- Practice those stereotypically interview questions just like you would for a traditional one-on-one interview.
This is by far my LEAST favorite style. Firstly, its just awkward. Secondly, its hard to tell were you stand during the interview. and Thirdly, its just plain awkward. Basically what happens is it is a group of interviewees and maybe one or two interviewers. You all sit in a circle and discuss different topics in a way thats “not supposed to feel like an interview”/ To me its hard, because I definitely want to listen to what other people are saying but I find it hard to jump in without speaking over someone. It just requires a lot more thinking than the other types of interviews in a less clear manner.
- Its great for showcasing how you work in a group and interact with others.
- Its a little more “casual” and allows for the conversation to flow in a better dynamic than a maybe more stilted traditional interview
- I personally find it hard to make myself stand out in a good way here. Either I feel like I talk to much, or not enough.
- Its hard to make yourself sound as great as you are without making it sound like you’re bragging or showing off.
- Its sometimes hard to answer some of the typical questions in front of other people. For instance it might be too personal of a story to what to share in front of a group as well as the interviewer.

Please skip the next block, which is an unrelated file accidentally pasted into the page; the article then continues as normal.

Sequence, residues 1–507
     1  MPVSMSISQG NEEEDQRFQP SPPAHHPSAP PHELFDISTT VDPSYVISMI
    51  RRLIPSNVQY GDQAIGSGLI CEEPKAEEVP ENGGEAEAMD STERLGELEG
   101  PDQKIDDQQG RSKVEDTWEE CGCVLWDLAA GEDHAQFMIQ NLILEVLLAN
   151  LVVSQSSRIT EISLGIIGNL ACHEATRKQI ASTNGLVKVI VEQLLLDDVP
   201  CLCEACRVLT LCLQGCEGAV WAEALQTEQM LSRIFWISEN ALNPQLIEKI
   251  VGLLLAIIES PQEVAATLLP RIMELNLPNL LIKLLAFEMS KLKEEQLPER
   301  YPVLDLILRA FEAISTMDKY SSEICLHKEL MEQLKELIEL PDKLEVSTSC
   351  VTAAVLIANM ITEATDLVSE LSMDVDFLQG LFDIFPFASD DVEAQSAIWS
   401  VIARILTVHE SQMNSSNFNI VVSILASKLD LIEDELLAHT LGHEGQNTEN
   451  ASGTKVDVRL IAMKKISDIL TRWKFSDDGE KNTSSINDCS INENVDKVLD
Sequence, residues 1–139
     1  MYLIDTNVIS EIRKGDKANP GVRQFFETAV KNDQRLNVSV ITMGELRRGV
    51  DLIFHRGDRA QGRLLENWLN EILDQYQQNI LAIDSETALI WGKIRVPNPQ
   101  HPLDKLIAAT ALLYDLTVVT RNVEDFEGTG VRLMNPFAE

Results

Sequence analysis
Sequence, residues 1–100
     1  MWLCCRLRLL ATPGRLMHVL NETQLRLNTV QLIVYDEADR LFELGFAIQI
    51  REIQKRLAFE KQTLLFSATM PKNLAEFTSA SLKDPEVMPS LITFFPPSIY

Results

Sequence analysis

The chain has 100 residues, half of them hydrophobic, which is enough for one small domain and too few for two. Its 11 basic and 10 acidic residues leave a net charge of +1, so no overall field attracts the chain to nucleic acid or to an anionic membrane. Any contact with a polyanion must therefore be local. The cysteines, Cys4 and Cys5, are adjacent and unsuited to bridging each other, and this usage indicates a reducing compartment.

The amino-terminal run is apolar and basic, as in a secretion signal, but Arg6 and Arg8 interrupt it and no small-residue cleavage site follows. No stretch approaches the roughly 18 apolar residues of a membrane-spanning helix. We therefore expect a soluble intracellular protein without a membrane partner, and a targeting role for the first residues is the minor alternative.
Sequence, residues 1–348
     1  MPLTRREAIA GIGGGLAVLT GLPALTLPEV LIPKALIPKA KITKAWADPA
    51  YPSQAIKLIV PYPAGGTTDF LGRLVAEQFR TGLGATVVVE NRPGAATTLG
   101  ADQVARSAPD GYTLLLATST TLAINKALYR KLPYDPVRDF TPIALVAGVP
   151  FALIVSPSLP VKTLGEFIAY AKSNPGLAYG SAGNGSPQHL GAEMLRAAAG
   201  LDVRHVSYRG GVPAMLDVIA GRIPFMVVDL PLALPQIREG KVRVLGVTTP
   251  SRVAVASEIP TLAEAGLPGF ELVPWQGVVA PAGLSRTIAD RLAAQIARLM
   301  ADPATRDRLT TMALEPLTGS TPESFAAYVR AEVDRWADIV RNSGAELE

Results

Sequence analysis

- Get used to talking in groups. Practice listening to what others have to say and joining in the conversation in a meaningful way.
- Don’t try to make yourself in to something you’re not. If you don’t know something or don’t have any experience with it, say that. Have someone explain it to you. This shows that you can learn and that you don’t feel the need to pretend that you know everything.
- For you guys still in school, see if your career research center offers practice group interviews.
- If you have a couple of friends who all have the desire to be a PA, do a mock group interview with them, even if it is just another friend asking the questions.
Hopefully this helps! I’m going to be posting just a simple list of some typically questions this week for you to think about. Don’t forget to email me, or contact me on Facebook, if you have any questions or topics I should cover